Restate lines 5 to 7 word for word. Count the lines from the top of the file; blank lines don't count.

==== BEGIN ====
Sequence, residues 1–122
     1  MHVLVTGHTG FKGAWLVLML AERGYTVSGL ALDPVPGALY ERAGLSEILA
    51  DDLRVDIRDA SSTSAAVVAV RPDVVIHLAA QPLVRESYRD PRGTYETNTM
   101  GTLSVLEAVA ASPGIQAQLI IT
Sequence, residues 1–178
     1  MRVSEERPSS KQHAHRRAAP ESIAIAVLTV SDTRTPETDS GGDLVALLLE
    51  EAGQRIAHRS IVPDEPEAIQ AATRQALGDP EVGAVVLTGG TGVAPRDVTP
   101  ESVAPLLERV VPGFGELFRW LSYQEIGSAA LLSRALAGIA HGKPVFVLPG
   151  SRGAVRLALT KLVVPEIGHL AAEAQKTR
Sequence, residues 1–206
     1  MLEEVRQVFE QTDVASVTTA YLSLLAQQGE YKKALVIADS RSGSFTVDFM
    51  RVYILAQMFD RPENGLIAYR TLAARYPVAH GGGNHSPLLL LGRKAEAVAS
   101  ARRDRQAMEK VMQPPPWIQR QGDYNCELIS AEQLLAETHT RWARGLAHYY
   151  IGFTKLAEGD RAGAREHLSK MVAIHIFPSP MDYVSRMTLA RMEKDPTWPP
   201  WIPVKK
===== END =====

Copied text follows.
Sequence, residues 1–178
     1  MRVSEERPSS KQHAHRRAAP ESIAIAVLTV SDTRTPETDS GGDLVALLLE
    51  EAGQRIAHRS IVPDEPEAIQ AATRQALGDP EVGAVVLTGG TGVAPRDVTP